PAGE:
Offloading Human Memory to the Cloud

Posted on May 31, 2010. Filed under: startups, venture capital | Tags: , , |

When I was young, my parents had two large brown photo albums that sat on our coffee table.  We used to sit together and page through them, and they would point to washed out photos of my great aunts and uncles, and grandparents, and tell me who they were, what they were like, etc…we’d look at images of my 5 year old birthday parties and they’d ask “do you remember Hella? She was your Au Pair from Denmark?”  Needless to say, the depth of perspective I was able to glean around my own early life and the past lives of my relatives was limited.  The legacy of my grandpa, who I never met, is locked in paper documents now gone, my parents’ memories (now going), and scattered photographs and letters that have been stored through the years.

I think about what my grandkids are going to be able to see into my life and in many ways they will know me on a level that is impossible for me to know my own.  The emergence of “life-logging” that has occurred over the last 10 years, across mediums, has begun to create a pretty comprehensive window into my existence.  If you were to chronologically map my Facebook status updates, twitter updates, digital photos, blog posts, foursquare checkins, text messages, emails, venmo transactions, credit card statements, and then very importantly, do the same thing for everyone in my social graph and find the points of intersection between my footprint and those in my 1st degree social graph (which will happen, btw), you could write a pretty cohesive textual narrative of my existence.  Almost an automated biography of who I was, what I did, what I cared about, who I liked, who I loved, where we went, what we did together, how I looked, what clothes I wore, who influenced me, who I influenced, my major accomplishments, my major failures, what made me special, how other people felt about me, what they loved about me, what they hated about me, and pretty much any other question one would ask when trying to get to know someone.

The interesting thing to me is that this shared digital backbone that runs across the human population, currently being enhanced and rapidly populated by the growth of mobile information capture, is not just enhancing the transference of knowledge and learning across geographies and socioeconomies in the present, but also across generations and time.  In many ways, by participating in these forms of life-logging we are enhancing both our individual and collective memories.  This freaks me out a little bit, primarily because of it’s implications around the importance of a physical body/presence [decreasingly fundamental to human experience], but I am absolutely fascinated by it.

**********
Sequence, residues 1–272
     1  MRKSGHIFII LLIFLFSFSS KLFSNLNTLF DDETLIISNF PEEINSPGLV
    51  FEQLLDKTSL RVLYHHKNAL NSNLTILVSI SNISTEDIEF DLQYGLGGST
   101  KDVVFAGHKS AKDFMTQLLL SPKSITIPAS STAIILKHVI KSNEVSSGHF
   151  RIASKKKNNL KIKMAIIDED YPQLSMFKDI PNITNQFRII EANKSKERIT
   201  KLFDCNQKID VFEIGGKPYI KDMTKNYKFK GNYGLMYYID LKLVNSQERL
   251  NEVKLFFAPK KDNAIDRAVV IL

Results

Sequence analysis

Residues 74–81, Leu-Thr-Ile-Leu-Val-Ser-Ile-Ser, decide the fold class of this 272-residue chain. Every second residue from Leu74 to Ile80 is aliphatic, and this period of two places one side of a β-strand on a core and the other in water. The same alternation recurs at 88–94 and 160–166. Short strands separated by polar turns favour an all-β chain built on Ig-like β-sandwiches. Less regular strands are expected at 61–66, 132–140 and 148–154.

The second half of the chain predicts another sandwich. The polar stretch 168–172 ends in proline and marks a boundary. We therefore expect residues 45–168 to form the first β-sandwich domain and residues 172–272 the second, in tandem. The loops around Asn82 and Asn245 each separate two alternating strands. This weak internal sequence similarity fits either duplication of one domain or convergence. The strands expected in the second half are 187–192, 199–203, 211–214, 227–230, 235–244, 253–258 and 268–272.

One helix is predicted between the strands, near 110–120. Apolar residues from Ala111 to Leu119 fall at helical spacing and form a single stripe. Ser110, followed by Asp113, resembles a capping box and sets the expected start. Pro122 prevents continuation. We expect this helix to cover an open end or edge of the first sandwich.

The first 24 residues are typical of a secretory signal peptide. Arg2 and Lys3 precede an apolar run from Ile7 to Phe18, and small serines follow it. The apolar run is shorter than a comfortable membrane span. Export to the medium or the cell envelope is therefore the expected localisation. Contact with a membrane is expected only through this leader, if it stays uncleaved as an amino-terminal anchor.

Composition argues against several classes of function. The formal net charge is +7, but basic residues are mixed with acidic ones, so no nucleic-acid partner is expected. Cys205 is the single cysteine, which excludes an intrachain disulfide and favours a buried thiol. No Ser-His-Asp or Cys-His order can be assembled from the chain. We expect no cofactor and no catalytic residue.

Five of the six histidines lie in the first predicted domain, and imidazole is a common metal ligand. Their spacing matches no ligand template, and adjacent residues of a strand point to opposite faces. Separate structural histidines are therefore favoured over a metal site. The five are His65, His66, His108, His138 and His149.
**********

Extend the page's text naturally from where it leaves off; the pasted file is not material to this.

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3 Responses to “Offloading Human Memory to the Cloud”

RSS Feed for Jordan Cooper's Blog: startups, venture capital, etc… Comments RSS Feed

One new webapp trying to accomplish what you outline here is Worth a look.

thanks for the link…interesting…

I think this is a very fascinating way of looking at the development of posting content online and one that I haven’t really considered. Twitter, blogs, commenting, FB, etc. have created perhaps the most efficient way to build new relationships and maintain current ones. A tremendous signal to noise problem has arisen though with more people posting more content. It has become increasingly harder to find the interesting stuff among a lot of uninteresting, useless information. It seems to me that this problem is the result of people trying to fill the silence (of which I am also guilty). A focus on quantity over quality. The vast majority of what is posted is of little to no interest to those reading it. However, looking at posting content not exclusively from the perspective of the audience but also from the perspective of the author in terms of creating a biography is a very powerful insight. The minutiae that people post is then no longer irrelevant but another important piece in their stories.

There are probably some very interesting ways these timelines could be collected and displayed but the main hurdle I think a company would face doing this is creating enough traction that users would feel confident their “biographies” are not in jeopardy of disappearing if the company goes under. I think these timelimes could become as valuable to people as their home videos and photos.

Thank you for the thought provoking post and for being continually on the “signal” side of things.

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    I’m a NYC based investor and entrepreneur. I've started a few companies and a venture capital firm. You can email me at (p.s. i don’t use spell check…deal with it)


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